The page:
Agreed, but you can also kill someone at less than the speed limit. I know this will lead to much argument about what level of injuries will, or will not occur at varying speeds, but we all know that doing a few mph over an arbitrary limit does not automatically make you a murderer.

      You can also play the statistics game, by pointing out that if 30% of accidents are the result of excess speed or alcohol, then by definition 70% are not...

      A very busy "A" class road in my neck of the woods has acquired much bad feeling since a whole raft of different limits were imposed along its length. It becomes very difficult to keep track of how fast you can legally go, and since this road has individual houses as well as villages dotted along the way, why should it be OK to do 50 or 60 mph past one house, yet another is unsafe above 40mph?

      The cynic in me sees the gradual imposition of lower and lower limits as yet another form of control, and I've said before that we will eventually go back to a man (person?) walking in front carrying a red flag...

      I do note, however that a street in London is the subject of an experiment by the removal of ALL signs, lane markings, etc. It is hoped this will actually reduce overall speeds, as drivers have to take more responsibility for their actions. The approach isn't new, and has been used in other countries.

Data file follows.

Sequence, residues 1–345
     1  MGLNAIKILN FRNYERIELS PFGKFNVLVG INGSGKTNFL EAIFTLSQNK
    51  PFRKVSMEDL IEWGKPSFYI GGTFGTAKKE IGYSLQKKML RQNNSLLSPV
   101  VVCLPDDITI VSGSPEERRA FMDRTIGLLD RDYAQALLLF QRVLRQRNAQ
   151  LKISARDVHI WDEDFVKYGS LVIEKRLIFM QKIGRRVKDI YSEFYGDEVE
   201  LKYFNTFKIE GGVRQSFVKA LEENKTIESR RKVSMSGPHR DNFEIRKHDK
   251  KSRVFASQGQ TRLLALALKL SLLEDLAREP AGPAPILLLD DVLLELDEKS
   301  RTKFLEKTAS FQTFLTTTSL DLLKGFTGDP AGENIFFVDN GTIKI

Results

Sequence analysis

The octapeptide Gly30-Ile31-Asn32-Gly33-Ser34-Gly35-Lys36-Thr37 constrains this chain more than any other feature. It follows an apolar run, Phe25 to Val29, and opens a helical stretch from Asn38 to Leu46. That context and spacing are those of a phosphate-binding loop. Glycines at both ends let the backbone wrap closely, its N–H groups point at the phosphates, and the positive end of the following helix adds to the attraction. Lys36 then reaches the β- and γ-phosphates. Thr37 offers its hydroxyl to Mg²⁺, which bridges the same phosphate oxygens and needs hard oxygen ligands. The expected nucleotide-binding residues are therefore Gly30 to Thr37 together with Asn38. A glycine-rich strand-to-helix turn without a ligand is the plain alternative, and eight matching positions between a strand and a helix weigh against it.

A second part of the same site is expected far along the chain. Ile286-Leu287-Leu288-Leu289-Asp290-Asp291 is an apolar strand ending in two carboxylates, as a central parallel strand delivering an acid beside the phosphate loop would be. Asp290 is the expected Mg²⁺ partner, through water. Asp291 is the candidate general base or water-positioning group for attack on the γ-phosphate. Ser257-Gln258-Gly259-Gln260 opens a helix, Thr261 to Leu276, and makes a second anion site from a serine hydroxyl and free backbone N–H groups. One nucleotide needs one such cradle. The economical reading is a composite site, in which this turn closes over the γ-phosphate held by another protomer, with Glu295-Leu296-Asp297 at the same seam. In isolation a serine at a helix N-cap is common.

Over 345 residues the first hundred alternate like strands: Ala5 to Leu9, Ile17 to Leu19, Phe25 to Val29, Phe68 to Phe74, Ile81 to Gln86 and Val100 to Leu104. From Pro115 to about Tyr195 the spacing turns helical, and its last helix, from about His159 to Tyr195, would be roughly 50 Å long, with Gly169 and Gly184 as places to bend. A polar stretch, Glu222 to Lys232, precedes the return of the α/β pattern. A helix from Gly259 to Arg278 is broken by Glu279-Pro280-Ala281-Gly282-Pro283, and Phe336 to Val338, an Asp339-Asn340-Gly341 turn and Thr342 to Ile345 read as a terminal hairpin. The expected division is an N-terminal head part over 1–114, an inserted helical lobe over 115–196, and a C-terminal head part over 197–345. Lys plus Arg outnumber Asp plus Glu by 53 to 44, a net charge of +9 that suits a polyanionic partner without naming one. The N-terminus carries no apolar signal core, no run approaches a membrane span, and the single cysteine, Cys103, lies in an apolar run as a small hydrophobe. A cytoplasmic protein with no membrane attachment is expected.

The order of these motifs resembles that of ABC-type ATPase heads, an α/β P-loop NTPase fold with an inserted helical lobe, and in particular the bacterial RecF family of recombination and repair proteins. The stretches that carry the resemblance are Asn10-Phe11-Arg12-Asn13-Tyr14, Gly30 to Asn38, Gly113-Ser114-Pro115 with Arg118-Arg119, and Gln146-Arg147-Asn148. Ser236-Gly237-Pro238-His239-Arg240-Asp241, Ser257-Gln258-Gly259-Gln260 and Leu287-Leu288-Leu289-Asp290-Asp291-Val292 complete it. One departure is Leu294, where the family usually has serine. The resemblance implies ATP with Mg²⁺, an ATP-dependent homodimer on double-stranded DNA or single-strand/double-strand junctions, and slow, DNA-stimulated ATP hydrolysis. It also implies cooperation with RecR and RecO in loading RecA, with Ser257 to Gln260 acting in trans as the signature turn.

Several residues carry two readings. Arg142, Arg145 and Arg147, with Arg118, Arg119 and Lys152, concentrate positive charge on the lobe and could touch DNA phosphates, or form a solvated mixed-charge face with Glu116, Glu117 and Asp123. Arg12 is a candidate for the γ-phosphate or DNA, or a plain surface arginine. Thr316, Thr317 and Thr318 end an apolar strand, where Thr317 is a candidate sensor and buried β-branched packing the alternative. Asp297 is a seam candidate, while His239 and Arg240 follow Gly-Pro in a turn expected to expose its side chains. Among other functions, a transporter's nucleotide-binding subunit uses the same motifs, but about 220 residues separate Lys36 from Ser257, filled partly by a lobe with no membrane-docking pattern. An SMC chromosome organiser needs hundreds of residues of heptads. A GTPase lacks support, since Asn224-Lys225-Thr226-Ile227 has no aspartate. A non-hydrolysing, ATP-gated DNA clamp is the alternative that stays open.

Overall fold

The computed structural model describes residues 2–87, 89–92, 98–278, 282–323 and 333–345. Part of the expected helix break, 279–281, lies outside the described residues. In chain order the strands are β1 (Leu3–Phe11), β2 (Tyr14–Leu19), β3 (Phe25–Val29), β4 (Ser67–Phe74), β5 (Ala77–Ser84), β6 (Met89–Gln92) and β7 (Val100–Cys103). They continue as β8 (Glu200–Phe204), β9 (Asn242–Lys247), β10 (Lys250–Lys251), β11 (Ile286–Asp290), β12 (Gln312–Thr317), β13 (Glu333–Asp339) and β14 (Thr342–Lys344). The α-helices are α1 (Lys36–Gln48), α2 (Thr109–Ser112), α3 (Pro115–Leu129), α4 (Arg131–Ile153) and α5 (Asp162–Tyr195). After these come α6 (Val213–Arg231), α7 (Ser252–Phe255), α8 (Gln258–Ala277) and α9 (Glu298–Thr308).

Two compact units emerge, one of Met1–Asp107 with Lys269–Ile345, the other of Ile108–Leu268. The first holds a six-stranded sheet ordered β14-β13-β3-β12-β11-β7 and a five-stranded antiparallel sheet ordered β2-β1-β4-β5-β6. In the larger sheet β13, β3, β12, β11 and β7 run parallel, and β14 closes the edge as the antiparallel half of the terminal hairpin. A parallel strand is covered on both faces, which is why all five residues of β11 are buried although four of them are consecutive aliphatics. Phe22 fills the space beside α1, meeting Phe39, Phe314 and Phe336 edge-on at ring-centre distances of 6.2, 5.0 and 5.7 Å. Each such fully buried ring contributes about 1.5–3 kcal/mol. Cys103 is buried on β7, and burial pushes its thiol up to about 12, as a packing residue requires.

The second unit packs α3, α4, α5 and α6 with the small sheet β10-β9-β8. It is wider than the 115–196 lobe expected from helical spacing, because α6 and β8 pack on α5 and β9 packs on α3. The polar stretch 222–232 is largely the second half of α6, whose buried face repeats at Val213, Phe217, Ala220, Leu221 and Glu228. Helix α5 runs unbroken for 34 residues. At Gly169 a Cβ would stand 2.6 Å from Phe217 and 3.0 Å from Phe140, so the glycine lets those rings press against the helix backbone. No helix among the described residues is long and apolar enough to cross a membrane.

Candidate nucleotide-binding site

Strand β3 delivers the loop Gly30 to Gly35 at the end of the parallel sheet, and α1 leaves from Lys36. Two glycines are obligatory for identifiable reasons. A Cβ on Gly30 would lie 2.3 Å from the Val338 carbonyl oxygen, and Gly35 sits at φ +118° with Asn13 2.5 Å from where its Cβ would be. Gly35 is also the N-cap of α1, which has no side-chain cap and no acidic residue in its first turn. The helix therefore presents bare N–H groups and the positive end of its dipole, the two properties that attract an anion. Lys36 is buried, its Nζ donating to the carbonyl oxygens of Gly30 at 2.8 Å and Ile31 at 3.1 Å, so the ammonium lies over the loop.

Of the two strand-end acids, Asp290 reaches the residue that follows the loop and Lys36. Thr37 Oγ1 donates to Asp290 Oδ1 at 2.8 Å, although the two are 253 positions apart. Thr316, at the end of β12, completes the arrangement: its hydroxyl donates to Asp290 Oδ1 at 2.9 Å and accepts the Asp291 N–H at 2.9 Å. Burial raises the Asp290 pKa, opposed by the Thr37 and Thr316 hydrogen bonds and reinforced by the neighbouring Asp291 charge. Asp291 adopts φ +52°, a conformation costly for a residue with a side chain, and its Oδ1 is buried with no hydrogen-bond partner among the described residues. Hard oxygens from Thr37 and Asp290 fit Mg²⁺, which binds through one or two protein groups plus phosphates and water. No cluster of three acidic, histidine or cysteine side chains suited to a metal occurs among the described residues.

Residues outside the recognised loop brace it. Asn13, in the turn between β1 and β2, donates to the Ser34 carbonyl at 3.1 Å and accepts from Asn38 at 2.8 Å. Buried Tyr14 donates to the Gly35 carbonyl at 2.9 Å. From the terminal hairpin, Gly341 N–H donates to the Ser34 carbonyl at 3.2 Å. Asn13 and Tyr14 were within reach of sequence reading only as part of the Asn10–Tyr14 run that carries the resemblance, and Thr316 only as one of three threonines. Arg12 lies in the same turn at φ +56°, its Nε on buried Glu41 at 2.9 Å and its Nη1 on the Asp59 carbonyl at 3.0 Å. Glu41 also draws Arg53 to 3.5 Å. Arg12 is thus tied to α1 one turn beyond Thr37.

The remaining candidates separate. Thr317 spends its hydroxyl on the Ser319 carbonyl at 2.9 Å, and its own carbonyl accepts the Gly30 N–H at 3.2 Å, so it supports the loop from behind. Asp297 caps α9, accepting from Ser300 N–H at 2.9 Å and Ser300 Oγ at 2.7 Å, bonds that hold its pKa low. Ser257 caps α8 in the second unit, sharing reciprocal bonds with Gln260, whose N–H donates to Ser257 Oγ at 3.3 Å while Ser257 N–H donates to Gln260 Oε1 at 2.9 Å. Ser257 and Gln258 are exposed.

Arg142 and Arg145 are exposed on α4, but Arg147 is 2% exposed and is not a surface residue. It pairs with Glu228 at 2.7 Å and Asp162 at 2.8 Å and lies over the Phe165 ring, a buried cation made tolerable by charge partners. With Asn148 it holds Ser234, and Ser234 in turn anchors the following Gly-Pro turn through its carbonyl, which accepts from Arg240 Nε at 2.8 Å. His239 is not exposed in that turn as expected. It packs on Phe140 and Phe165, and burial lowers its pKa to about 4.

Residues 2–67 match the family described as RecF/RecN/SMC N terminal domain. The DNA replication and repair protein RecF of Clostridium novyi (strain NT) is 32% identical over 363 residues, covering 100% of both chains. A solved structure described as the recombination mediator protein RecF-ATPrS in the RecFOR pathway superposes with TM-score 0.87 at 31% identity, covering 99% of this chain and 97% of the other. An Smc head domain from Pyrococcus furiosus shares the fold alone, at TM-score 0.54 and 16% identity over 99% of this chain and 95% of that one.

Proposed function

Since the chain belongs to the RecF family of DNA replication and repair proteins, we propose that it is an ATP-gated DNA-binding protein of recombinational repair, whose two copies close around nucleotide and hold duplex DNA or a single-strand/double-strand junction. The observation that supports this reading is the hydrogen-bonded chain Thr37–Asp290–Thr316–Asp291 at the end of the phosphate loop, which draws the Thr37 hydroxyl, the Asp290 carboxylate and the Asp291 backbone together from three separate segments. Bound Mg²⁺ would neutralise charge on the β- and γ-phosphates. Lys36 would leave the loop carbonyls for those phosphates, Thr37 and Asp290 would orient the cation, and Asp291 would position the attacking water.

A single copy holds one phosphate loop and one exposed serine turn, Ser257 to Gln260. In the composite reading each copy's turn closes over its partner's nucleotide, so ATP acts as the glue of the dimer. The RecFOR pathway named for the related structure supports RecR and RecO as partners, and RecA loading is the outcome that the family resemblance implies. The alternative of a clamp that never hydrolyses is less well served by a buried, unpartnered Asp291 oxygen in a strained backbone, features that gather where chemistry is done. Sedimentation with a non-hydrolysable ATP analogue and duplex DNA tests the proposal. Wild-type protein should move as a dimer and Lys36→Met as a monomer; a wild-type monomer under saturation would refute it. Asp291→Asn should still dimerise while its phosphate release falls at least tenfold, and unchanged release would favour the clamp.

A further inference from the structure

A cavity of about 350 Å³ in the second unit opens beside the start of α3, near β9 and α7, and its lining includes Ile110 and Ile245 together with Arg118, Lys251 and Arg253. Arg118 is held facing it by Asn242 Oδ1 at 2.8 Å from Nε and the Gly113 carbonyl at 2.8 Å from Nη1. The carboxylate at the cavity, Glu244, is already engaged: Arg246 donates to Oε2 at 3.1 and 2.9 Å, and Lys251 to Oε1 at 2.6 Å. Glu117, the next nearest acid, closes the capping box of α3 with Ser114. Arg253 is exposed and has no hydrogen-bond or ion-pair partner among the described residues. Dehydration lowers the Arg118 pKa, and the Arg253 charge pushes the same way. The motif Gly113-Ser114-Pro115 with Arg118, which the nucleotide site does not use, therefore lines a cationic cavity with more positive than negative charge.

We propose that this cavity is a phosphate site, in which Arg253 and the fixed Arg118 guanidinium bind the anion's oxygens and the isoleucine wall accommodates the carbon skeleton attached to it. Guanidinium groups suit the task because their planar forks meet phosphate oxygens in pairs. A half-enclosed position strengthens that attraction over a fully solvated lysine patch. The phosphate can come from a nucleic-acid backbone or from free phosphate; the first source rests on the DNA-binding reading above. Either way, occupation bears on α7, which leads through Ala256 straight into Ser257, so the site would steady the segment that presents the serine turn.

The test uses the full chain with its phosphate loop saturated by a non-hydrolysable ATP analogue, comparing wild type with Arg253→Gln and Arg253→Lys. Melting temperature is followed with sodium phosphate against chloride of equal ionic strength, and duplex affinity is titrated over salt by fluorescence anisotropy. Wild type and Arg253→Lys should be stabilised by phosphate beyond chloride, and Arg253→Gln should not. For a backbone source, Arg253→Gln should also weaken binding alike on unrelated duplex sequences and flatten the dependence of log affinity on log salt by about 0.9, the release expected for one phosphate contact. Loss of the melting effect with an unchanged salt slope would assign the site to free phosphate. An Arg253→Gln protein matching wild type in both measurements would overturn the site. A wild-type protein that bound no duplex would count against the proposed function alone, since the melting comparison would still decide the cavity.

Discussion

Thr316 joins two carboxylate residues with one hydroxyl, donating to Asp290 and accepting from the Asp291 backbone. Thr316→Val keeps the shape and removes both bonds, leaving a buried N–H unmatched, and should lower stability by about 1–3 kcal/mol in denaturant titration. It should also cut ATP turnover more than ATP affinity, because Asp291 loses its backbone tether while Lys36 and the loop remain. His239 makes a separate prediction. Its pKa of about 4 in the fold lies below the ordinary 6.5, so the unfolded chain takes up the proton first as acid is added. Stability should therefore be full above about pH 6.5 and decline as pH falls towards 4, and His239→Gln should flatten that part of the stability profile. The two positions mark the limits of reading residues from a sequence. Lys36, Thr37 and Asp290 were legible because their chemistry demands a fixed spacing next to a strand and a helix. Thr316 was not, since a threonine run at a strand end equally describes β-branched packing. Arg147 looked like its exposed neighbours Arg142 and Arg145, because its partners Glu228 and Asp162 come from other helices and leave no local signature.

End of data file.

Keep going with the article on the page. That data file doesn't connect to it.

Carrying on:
2. This comment has been removed by the author.

    3. Touched on here and here on this blog. Also, Google 'woonerf' for the Dutch system and 'shared space' for elsewhere. I think it's a brilliant idea, and well worth pursuing, at least in pilot studies. Unfortunately, the main charities for the blind disagree.

  4. It's Mrs N who has the points and in Germany she can more or less choose when to hand back her licence for 1 month!

    1. That's a nice feature - I can reply to you in situ from the comfort of my prefabriacted concrete coal bunker.

      The system in die Muttiland is somewhat different in the that the blitzer takes a photo of who is at the wheel (sudden thought - what about bikes?). No question that I look nothing like Vicky Leandros or whatever her name was.

  5. P.S.

    I know the above post is severely tempting fate....

  6. Mick, agree with your point about the penalties for MPs etc. They should be double what the rest of us get.